icon bookmark-bicon bookmarkicon cameraicon checkicon chevron downicon chevron lefticon chevron righticon chevron upicon closeicon v-compressicon downloadicon editicon v-expandicon fbicon fileicon filtericon flag ruicon full chevron downicon full chevron lefticon full chevron righticon full chevron upicon gpicon insicon mailicon moveicon-musicicon mutedicon nomutedicon okicon v-pauseicon v-playicon searchicon shareicon sign inicon sign upicon stepbackicon stepforicon swipe downicon tagicon tagsicon tgicon trashicon twicon vkicon yticon wticon fm

RT’s Boom Bust explores what’s wrong with the US healthcare system & how to make it work better

RT’s Boom Bust explores what’s wrong with the US healthcare system & how to make it work better
Hundreds of primary care facilities could be set up across the United States in the midst of the Covid-19 pandemic. Boom Bust brings in some expert analysis on the move and the health sector in the country.

We’re joined by Rick Sanchez, host of the News with Rick Sanchez and founder of a managed healthcare company in South Florida, which is the fastest growing in the United States, according to Inc. Magazine.

Healthcare in the United States has “forever been very fragmented,” Rick says, pointing out that “most people don’t know who their doctors are.” It is necessary to centralize the information within the whole system, he adds.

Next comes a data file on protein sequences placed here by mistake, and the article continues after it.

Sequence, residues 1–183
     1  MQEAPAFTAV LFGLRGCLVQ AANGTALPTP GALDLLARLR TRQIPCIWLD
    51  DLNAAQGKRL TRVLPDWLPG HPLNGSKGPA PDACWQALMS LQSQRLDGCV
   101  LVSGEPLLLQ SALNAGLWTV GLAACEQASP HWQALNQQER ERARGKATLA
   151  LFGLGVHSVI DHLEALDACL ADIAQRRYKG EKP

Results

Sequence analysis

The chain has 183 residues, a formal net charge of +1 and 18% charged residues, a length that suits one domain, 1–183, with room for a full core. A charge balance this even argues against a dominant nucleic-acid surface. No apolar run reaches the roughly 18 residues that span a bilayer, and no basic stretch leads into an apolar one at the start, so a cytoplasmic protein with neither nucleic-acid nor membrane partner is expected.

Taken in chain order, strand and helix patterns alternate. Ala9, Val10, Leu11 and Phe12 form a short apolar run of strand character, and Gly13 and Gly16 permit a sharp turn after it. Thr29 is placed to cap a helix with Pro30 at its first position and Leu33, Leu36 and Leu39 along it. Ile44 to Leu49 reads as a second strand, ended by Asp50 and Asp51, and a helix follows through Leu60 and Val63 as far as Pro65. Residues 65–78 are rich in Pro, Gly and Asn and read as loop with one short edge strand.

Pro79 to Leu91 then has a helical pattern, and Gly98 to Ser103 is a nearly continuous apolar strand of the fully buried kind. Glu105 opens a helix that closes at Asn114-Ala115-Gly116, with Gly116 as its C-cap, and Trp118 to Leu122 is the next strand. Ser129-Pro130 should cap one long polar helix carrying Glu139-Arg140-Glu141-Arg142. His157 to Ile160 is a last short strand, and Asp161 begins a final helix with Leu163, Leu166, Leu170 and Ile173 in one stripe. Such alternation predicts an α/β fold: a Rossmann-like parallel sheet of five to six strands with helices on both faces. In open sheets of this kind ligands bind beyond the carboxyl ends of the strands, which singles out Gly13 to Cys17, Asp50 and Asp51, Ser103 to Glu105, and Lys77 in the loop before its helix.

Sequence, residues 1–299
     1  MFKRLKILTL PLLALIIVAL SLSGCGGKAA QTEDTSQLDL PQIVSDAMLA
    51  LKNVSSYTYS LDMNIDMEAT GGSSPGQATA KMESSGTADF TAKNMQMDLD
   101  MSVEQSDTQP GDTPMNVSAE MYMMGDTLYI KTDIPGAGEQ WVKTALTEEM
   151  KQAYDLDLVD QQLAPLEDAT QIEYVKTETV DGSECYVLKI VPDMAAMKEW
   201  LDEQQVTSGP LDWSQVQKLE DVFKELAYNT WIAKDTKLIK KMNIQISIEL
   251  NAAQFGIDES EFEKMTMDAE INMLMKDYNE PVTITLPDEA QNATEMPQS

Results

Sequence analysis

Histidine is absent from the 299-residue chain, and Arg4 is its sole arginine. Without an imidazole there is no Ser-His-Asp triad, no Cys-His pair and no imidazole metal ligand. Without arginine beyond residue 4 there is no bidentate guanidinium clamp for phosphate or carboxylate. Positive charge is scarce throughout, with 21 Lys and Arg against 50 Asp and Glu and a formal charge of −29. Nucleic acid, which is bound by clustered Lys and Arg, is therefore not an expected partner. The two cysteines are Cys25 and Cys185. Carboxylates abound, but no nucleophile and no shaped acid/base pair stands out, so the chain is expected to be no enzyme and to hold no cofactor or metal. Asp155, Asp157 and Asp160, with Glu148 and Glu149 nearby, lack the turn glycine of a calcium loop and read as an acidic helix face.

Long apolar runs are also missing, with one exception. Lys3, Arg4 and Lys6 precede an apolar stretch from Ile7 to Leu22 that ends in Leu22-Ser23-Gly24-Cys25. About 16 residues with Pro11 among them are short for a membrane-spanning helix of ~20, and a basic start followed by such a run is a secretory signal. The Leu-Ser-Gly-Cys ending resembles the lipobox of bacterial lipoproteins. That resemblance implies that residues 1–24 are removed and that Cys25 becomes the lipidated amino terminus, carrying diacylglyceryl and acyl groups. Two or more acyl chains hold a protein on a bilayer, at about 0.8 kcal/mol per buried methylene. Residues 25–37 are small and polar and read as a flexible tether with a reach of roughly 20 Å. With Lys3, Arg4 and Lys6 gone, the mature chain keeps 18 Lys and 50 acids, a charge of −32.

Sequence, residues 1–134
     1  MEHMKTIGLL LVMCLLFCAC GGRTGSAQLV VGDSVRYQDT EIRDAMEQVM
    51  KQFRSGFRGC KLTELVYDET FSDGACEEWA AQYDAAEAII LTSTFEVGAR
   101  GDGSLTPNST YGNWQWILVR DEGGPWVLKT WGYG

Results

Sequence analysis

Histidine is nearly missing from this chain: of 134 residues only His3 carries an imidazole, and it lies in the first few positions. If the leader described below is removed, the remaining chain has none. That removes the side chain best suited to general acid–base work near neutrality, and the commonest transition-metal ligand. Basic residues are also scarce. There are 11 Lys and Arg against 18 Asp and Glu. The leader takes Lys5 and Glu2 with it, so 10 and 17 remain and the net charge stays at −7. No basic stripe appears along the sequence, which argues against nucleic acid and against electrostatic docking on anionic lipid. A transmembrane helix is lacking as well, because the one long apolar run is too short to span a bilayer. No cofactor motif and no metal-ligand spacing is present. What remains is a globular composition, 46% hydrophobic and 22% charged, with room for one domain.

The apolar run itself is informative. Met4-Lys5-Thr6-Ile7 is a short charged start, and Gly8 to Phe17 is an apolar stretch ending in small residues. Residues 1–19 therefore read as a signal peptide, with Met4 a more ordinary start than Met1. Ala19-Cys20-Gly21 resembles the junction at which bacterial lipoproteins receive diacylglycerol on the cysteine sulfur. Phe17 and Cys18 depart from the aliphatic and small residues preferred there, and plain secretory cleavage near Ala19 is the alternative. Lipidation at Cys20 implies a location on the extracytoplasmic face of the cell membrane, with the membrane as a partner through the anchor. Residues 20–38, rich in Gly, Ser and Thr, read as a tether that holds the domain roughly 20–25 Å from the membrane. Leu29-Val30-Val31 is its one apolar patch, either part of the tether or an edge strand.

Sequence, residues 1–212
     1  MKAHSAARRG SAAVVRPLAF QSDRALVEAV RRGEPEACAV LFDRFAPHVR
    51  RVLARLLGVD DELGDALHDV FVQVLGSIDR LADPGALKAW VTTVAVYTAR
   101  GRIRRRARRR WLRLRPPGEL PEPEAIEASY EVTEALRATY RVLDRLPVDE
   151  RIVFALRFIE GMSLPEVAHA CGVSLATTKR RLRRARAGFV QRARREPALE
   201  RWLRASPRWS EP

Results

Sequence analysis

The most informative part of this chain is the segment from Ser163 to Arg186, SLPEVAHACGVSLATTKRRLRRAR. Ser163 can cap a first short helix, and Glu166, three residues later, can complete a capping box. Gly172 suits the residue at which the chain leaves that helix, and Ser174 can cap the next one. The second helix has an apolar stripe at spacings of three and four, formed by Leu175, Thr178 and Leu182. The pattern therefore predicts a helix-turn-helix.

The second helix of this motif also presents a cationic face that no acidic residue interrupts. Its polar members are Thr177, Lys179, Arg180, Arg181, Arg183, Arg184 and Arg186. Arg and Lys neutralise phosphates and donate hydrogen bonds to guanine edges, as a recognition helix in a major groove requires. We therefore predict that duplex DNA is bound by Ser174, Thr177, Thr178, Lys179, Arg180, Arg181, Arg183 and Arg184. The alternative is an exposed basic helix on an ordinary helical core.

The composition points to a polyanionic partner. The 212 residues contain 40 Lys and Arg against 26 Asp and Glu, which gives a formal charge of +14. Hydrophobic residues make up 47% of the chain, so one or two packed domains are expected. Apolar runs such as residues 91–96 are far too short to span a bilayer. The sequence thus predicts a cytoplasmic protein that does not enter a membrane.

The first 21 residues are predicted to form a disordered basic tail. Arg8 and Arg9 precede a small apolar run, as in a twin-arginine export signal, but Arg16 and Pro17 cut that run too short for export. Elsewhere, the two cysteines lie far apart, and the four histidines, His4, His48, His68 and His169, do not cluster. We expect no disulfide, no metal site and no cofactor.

“Healthcare is unbelievably costly in the United States and our healthcare compared to other countries sucks… Big companies are controlling who takes care of your health because they are getting paid more and they control what kind of coverage you are going to get.”

According to Rick, the patient needs to be independent, deciding what insurance he wants to get and which one fits his needs.

“If we can create a system around the country where there are networks of doctors instead of networks of insurance companies, that could be good,” he concludes.

For more stories on economy & finance visit RT's business section

Dear readers and commenters,

We have implemented a new engine for our comment section. We hope the transition goes smoothly for all of you. Unfortunately, the comments made before the change have been lost due to a technical problem. We are working on restoring them, and hoping to see you fill up the comment section with new ones. You should still be able to log in to comment using your social-media profiles, but if you signed up under an RT profile before, you are invited to create a new profile with the new commenting system.

Sorry for the inconvenience, and looking forward to your future comments,

RT Team.

Podcasts